The problem isn’t necessarily how easily you get to sleep, but rather, how long you stay asleep and your sleep quality. Many people drink a glass of wine or take a mild sedative before going to sleep, but they still have the stimulant in their system, affecting their ability to get truly restorative sleep.
You might not realize that caffeine affects your sleep this way. Even if your caffeine intake is low or moderate, you’ll have problems sleeping if you have it too late in the day. Caffeine can stay in your system for up to 24 hours, so if you regularly go to bed at 10 pm, even having one last cup of caffeinated coffee or tea in the afternoon can adversely affect your sleep.
If you consume too much caffeine regularly, you can wind up in a cycle of poor sleep and ever-increasing caffeine consumption to deal with the fatigue and other problems that poor sleep quality can cause.
Take it from someone who knows. I used to take caffeine pills to deal with fatigue every day. The more I took, the worse I slept, and the more tired I felt during the day. Eventually, I wound up in such a terrible cycle that I had to work with my doctor to bring my caffeine intake down and carefully monitor when I took it each day.
Here are some tips for a healthier sleep.
4. Blood Pressure
If you don’t have blood pressure problems, you still might notice elevated blood pressure from your caffeine intake. Generally, the raised pressure is temporary, and it goes back down as the caffeine leaves your system.
However, you might see a dramatic spike in your blood pressure, and there are several potential reasons for this. For instance, caffeine constricts your blood vessels, which will increase blood pressure.
The fact that it increases your adrenaline may contribute to it as well. Since the effect is temporary, you probably won’t have a problem if your blood pressure is normal.
If you already have high blood pressure, though, you should talk to your doctor about your caffeine intake. High blood pressure damages your arteries and increases your risk of heart attacks and strokes. Since caffeine will cause your blood pressure to spike, you might put yourself at unnecessary risk.
5. Tolerance and Addiction
Like many substances, we can easily develop an addiction to caffeine. Why? Because the longer you use caffeine, the more of it you feel you need for the same effect.
Caffeine works in a similar way to many other drugs. Sure, you feel more alert, feel good about things, have more energy, and even feel more sociable (which is a common effect of alcohol).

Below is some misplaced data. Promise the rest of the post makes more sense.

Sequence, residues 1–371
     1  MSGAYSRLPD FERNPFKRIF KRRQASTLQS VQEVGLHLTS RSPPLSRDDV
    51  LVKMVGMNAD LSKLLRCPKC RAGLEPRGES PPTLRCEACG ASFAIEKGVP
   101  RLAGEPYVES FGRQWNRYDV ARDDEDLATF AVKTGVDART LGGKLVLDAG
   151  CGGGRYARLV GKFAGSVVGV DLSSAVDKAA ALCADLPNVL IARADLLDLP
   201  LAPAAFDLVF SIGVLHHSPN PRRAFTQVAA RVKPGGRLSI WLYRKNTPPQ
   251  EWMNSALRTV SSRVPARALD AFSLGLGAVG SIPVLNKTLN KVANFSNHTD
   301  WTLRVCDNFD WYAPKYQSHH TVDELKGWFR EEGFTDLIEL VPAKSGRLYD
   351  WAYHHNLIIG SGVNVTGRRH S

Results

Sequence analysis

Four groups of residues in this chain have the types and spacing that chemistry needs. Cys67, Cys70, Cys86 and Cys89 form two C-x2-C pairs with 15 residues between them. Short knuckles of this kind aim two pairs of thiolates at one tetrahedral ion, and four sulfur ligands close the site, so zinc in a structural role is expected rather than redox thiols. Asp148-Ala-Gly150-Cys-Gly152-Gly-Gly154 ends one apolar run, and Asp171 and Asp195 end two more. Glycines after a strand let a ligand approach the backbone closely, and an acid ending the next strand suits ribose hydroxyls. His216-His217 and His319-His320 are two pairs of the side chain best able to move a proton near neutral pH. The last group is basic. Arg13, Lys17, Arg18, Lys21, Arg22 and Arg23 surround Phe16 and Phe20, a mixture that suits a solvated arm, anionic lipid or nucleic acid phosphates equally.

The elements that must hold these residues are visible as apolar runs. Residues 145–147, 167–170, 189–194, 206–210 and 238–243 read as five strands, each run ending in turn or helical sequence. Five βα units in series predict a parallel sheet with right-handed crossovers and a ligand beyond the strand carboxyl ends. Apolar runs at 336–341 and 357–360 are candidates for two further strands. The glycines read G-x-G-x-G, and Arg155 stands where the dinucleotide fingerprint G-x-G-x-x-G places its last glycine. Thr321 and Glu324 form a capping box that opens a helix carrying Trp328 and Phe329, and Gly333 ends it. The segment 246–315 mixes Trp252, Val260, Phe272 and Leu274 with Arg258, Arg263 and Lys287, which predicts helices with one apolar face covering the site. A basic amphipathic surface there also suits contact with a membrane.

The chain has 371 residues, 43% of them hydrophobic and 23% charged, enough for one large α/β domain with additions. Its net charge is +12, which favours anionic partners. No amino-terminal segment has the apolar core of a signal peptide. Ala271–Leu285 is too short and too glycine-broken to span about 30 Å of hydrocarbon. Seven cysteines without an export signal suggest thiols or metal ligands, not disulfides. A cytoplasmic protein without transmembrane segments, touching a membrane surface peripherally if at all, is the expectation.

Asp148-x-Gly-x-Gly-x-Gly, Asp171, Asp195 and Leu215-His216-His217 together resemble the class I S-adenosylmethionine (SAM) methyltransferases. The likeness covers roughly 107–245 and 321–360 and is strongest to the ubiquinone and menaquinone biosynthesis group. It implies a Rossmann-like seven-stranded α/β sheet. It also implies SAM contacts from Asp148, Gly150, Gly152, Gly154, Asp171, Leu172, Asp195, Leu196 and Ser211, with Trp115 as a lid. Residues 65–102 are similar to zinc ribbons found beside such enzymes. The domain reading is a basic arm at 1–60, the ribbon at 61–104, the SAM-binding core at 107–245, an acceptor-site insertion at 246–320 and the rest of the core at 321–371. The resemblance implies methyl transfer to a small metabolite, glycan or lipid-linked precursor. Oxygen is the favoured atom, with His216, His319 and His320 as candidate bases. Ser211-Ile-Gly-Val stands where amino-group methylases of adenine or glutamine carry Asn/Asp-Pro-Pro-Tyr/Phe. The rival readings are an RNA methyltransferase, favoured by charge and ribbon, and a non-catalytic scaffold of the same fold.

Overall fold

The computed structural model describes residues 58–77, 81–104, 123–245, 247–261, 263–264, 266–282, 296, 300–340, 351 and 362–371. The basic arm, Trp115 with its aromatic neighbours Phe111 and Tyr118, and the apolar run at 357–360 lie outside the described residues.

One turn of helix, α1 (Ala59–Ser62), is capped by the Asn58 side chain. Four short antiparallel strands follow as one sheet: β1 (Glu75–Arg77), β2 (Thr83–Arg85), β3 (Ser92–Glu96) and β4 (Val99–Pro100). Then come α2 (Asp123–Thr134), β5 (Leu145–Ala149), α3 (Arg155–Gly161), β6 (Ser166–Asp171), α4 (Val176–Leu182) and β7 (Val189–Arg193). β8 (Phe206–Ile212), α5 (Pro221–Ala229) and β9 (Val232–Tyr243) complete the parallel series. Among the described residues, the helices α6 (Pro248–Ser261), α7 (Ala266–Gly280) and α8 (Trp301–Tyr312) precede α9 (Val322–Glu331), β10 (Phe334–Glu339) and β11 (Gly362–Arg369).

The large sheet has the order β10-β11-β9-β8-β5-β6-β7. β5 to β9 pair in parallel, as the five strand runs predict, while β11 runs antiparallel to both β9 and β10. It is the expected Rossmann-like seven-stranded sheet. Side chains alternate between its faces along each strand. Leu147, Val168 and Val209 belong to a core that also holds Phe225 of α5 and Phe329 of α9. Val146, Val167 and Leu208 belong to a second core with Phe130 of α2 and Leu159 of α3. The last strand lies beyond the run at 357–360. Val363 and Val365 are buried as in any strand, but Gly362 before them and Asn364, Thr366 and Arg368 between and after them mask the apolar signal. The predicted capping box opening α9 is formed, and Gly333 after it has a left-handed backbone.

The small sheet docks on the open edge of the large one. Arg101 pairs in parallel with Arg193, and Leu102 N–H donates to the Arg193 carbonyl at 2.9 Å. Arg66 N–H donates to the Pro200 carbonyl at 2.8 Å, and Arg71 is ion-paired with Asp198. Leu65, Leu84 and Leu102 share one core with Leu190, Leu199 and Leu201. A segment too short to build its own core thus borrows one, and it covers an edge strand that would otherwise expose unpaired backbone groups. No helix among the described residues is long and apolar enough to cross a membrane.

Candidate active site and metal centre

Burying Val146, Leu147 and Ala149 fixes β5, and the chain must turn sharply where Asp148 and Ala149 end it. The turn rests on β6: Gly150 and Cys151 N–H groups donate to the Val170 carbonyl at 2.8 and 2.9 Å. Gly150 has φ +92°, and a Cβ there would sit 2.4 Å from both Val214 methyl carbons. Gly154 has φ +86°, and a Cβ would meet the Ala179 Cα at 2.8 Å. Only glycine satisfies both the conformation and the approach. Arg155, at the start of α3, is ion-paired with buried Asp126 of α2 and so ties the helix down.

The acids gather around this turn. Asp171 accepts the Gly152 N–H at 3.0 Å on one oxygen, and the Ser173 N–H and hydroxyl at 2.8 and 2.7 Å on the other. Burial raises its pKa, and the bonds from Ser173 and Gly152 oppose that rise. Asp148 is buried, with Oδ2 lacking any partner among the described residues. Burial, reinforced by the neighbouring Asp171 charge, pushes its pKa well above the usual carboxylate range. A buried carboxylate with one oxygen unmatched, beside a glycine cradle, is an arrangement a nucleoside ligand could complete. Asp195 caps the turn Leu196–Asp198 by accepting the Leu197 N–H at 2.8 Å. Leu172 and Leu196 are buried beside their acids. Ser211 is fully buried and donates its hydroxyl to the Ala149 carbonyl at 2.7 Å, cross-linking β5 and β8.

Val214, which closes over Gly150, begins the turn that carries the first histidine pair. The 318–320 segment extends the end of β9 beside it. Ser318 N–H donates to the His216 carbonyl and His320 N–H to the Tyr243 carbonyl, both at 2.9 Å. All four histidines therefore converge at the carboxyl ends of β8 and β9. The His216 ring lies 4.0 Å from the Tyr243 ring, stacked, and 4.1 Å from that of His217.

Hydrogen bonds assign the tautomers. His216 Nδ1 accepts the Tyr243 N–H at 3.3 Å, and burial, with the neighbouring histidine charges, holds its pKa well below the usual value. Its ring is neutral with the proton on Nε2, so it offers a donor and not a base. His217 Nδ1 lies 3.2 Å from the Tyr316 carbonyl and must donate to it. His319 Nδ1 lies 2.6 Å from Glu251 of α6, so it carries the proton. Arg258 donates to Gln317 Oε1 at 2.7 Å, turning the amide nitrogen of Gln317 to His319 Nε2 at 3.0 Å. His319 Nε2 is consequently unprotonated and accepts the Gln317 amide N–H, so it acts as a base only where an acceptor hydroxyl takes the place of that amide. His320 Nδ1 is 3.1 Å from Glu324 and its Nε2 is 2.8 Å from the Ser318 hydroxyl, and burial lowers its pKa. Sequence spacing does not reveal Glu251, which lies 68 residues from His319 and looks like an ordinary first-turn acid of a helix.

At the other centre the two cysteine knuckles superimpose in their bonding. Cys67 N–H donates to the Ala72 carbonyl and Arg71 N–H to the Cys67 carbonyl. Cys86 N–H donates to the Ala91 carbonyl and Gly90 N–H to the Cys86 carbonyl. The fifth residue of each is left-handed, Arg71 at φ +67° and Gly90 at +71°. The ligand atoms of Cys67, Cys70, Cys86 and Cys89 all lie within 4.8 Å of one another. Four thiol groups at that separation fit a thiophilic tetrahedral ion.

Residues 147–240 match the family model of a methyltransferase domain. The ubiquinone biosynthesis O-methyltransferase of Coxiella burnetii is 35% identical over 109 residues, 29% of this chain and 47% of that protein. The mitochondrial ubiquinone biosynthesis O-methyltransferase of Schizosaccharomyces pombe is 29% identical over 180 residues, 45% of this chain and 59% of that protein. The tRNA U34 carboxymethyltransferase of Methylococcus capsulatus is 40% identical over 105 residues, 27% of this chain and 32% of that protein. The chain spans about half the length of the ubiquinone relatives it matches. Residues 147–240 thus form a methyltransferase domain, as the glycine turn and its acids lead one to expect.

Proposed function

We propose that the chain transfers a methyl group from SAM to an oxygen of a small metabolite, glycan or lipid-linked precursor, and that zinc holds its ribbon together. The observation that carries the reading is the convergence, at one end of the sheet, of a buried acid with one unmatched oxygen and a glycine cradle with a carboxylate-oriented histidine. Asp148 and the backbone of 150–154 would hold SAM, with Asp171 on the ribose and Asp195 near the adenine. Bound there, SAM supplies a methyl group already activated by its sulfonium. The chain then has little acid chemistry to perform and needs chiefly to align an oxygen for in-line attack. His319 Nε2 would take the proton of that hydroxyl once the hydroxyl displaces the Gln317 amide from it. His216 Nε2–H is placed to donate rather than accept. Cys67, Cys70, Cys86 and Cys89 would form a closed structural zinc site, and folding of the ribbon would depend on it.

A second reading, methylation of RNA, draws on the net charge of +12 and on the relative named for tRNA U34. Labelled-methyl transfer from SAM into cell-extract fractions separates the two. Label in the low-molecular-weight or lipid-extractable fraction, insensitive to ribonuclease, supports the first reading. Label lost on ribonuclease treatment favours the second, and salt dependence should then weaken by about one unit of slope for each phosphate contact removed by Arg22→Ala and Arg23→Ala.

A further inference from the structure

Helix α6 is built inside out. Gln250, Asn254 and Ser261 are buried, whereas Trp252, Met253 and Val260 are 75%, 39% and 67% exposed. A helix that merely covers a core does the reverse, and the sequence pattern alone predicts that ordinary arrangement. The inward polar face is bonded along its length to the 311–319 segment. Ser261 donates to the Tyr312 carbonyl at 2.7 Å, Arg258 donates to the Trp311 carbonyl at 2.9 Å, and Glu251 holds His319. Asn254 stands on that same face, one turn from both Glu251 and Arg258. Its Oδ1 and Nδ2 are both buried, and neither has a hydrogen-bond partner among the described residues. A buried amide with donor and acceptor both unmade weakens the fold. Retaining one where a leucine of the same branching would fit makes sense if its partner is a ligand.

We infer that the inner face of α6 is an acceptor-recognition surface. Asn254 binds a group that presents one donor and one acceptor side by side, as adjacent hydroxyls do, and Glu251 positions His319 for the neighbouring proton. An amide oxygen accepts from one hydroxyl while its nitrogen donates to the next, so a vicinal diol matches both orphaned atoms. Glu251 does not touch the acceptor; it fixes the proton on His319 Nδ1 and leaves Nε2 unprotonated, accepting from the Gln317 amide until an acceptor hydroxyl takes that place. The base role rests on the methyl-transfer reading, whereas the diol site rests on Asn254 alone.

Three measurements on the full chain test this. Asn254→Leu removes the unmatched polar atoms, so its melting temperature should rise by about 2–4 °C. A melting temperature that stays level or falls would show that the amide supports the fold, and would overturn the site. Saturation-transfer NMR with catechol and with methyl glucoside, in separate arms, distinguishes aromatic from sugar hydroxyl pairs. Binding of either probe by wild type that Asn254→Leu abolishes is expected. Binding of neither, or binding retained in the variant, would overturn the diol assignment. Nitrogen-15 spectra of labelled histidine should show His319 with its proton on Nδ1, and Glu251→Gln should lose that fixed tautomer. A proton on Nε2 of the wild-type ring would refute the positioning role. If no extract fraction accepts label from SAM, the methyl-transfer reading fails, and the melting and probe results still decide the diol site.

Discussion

While you might not develop what’s known as caffeine use disorder, you can still become dependent on it, including experiencing withdrawal symptoms. You might already know what some of those symptoms are, but you didn’t put them together with caffeine right away if you’re like me. These include:
- Irritability and poor overall mood
- Feelings of fogginess
- Problems concentrating
Interestingly enough, some of these symptoms also occur when you’ve had too much caffeine, including headaches, problems concentrating, and irritability.
6. Problems with Other Medication
Can you think of any people who aren’t taking some kind of medication regularly, whether it’s prescription or over-the-counter? You might experience some drug interactions with caffeine, whether your intake is excessive or not.
For instance, if you’re taking an antidepressant like DULoxetine, your caffeine intake can increase the amount of the drug in your bloodstream, which then alters its effect on your condition.
This is another area where you should check with your doctor, particularly if you’re getting new medication. Of course, your best bet is to always keep your doctor in the loop as to what medicines, supplements, and substances you regularly take so they know what possible interactions might occur.
How Much Is Too Much Caffeine?
I used to think there was no such thing as too much caffeine. Despite all the negative effects of caffeine, many of which I’ve experienced, and you may have as well, you might think caffeine is perfectly safe in any amount.
Unfortunately, that’s not true. Not many people consume so much caffeine that they end up in the hospital or just plain sick, but there is such a thing as too much.
The average adult ingests roughly 200 mg of caffeine daily. If you drink two five-ounce cups of your average, garden-variety coffee, or drink four 12-ounce colas each day, you’re getting approximately 200 mg of caffeine.
Likewise, if you take a single caffeine pill, you’re getting 200 mg of caffeine.
However, many of us consume more than that. Unless you have health problems or take medication for which caffeine is bad, you can safely have up to about 400 mg per day. Keep in mind, though, that you might experience insomnia and disrupt the quality of the sleep you do get unless you have all of that early in the day.